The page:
Which Episodes You Need To Rewatch Before Star Trek: Lower Decks Season 3

In its first two seasons, "Star Trek: Lower Decks" has already become one of the most mythology-rich entries in the "Star Trek" canon, as the crew of Starfleet geeks on the U.S.S. Cerritos often pull from the lore of all the beloved crews that came before then. But the animated Paramount+ series has also built up some impressive lore of its own by this point, fleshing out the world of "Star Trek" circa 2380 by introducing some hilariously on-brand new cultures and traditions.

Though "Star Trek: Lower Decks" is a situational comedy first and foremost, it's also given fans some great character development, turning pathological pot-stirrer Ensign Mariner (Tawny Newsome) into a still-rebellious hero and even letting rule-following pal Brad Boimler (Jack Quaid) loosen up a little. With the new season around the corner and the fourth already greenlit, the show will have plenty of chances to further expand its "Trek" mythology, all while paying homage to the shows that came before and cultivating its own unique cast of characters.

Some of the /Film team got a sneak peek at the new season, and without giving anything away, here are a few episodes from the series that we think are especially worth brushing up on ahead of the premiere.

This post contains zero spoilers for "Lower Decks" season 3, but major spoilers for seasons 1 and 2. 

Season 1, Episode 9: Crisis Point

One of the first big character moments for "Star Trek: Lower Decks" came in the penultimate episode of season 1, when Mariner processes her angst around having her mom as captain by taking over a simulation Brad made as a study aid. The simulation uses the ship's logs to make holodeck replicas of the crew for an adventure that had all the spinning camera movements and lens flares of J.J. Abrams-era Trek. In the hologram space, Mariner gleefully takes on the role of Vindicta, a villainous leader with a Boimler knock-off assistant. Tundi (Noel Wells) quits the game after refusing to play into Orion stereotypes.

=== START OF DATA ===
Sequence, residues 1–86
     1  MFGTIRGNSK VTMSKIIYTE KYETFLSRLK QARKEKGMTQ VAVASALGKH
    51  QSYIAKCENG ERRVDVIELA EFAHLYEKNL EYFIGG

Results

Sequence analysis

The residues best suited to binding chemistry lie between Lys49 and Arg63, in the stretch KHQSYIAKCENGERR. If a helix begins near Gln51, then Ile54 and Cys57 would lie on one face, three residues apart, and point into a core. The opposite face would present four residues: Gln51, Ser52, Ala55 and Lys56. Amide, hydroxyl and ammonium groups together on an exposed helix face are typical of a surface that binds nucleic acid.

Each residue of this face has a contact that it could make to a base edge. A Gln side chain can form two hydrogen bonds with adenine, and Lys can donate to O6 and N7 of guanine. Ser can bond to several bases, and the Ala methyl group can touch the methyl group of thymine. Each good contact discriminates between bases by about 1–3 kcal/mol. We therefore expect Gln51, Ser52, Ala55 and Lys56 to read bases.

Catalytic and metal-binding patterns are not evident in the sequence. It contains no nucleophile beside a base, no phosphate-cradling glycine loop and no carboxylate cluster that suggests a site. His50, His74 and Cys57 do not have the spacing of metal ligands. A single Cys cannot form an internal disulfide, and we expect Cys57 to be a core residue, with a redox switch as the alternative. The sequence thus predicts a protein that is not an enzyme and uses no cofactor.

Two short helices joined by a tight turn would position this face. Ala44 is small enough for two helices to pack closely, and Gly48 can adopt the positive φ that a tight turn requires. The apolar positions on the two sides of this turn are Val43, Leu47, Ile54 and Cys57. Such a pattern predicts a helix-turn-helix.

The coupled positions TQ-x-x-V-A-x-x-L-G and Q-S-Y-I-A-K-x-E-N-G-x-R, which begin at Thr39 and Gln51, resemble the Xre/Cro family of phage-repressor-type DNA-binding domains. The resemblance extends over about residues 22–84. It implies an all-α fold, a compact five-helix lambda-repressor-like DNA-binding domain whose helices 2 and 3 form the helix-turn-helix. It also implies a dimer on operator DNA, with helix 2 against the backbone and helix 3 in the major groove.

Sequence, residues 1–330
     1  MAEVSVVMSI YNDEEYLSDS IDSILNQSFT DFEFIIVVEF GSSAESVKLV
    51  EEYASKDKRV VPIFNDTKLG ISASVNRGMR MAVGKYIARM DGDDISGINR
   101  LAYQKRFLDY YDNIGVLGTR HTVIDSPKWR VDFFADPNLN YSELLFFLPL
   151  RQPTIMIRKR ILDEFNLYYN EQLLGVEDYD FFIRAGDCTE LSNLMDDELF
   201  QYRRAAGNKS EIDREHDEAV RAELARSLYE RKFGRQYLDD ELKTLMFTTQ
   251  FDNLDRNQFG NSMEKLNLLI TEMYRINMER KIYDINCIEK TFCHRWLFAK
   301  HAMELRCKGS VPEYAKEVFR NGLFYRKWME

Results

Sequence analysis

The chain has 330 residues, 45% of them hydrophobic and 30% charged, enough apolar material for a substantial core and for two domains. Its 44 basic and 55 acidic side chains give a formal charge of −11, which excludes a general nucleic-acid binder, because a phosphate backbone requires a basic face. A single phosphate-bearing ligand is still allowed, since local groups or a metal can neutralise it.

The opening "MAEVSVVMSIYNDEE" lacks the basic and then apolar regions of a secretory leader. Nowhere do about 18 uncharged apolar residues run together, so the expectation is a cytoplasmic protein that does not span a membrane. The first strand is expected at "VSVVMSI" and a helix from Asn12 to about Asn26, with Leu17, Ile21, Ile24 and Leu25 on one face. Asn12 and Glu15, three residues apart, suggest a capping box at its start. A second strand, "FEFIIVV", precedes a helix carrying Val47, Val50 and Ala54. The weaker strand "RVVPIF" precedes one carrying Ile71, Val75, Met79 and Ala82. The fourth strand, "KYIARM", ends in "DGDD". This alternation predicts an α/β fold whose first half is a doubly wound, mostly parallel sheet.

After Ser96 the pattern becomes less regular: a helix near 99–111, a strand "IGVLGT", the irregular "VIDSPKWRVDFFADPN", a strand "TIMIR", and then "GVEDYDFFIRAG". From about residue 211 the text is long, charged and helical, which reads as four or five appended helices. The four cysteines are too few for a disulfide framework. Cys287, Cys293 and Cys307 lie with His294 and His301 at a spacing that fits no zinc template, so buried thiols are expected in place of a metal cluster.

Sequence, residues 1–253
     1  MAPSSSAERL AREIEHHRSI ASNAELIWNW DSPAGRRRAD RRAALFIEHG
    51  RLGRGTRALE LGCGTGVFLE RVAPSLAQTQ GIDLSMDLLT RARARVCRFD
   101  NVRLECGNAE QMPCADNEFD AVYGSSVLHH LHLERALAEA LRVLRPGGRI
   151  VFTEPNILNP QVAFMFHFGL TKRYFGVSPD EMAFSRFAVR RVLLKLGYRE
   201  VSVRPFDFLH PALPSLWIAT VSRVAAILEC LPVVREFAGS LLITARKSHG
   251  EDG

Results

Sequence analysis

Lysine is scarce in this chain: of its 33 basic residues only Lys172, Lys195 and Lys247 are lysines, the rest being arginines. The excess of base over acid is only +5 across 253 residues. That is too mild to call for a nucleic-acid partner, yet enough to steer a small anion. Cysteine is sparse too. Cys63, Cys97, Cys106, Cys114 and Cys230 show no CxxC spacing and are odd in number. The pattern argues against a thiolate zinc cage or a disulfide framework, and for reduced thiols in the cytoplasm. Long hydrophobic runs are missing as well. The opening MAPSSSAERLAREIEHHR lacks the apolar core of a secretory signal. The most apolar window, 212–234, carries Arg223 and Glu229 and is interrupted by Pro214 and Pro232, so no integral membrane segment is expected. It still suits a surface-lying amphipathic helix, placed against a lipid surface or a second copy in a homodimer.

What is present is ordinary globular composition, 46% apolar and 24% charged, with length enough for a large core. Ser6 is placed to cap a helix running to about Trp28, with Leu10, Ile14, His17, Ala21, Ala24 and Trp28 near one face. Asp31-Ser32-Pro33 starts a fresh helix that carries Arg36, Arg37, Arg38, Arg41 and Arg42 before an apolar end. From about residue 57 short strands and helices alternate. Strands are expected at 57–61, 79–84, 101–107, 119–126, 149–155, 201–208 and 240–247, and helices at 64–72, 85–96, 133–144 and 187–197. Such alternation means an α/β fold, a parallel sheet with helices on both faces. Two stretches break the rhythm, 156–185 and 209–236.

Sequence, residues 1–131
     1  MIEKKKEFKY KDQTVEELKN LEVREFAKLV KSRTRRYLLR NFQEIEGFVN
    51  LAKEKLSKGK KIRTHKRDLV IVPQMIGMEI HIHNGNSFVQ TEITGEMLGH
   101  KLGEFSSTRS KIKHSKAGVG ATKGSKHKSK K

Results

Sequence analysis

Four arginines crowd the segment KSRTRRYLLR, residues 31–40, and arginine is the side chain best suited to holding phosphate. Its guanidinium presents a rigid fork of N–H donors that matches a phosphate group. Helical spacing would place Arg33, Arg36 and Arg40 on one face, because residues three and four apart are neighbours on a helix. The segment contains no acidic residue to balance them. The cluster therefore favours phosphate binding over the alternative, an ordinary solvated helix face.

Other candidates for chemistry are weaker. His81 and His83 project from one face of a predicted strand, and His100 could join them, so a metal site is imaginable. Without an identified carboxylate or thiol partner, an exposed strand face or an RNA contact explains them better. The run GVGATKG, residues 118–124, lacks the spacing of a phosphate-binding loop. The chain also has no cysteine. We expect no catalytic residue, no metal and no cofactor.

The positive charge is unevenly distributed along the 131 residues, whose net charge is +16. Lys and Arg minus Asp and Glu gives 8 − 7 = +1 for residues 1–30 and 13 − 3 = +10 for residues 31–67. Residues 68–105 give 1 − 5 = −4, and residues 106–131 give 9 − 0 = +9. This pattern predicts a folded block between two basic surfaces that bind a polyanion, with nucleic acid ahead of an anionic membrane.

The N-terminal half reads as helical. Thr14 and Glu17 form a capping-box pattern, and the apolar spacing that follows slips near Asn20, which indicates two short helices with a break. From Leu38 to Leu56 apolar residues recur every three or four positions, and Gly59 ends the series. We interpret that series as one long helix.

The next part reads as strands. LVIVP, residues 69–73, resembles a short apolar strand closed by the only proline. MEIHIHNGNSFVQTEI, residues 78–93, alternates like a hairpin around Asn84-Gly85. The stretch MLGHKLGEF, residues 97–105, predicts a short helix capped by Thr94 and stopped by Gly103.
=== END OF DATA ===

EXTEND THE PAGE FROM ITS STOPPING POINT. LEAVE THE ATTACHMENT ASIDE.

In the end, Mariner has a therapeutic breakthrough in the simulation after fighting her villain self, while the ship's actual mental health clinician, Migleemo (Paul F. Tompkins), also starts therapy with Mariner's mom, Captain Freeman. Meanwhile, Brad finds out about the familial connection between the two after overhearing the simulation version of Freeman mourning her daughter. Also, Leonardo da Vinci (yes, the one from "Voyager") kills Vindicta.

Season 1, Episode 10: No Small Parts

The first season finale of "Star Trek: Lower Decks" has a lot more plot going on than most of the show's episodes. In addition to killing off Shaxs (Fred Tatasciore), who is later resurrected through a mysterious process involving a place called the Black Mountain, the episode also wipes Rutherford's (Eugene Cordero) memories and moves Boimler to the U.S.S. Titan, where classic "Trek" characters Deanna Troi (Marina Sirtis) and William Riker (Jonathan Frakes) are working.

"No Small Parts" also re-introduces audiences to the Pakled, a species that has popped up before in "Trek" lore but is particularly important in this show. This episode reveals that the usually unintimidating Pakleds have grown more formidable since Starfleet last checked in, and while the Cerritos crew fends them off this time, they end up coming back again in season 2 (see below). This episode also features one of the show's most entertaining non-legacy guest stars, "You're the Worst" actress Kether Donohue. She plays a particularly unhelpful Exocomp called Peanut Hamper that is last seen hurtling through space after abandoning the Cerritos crew.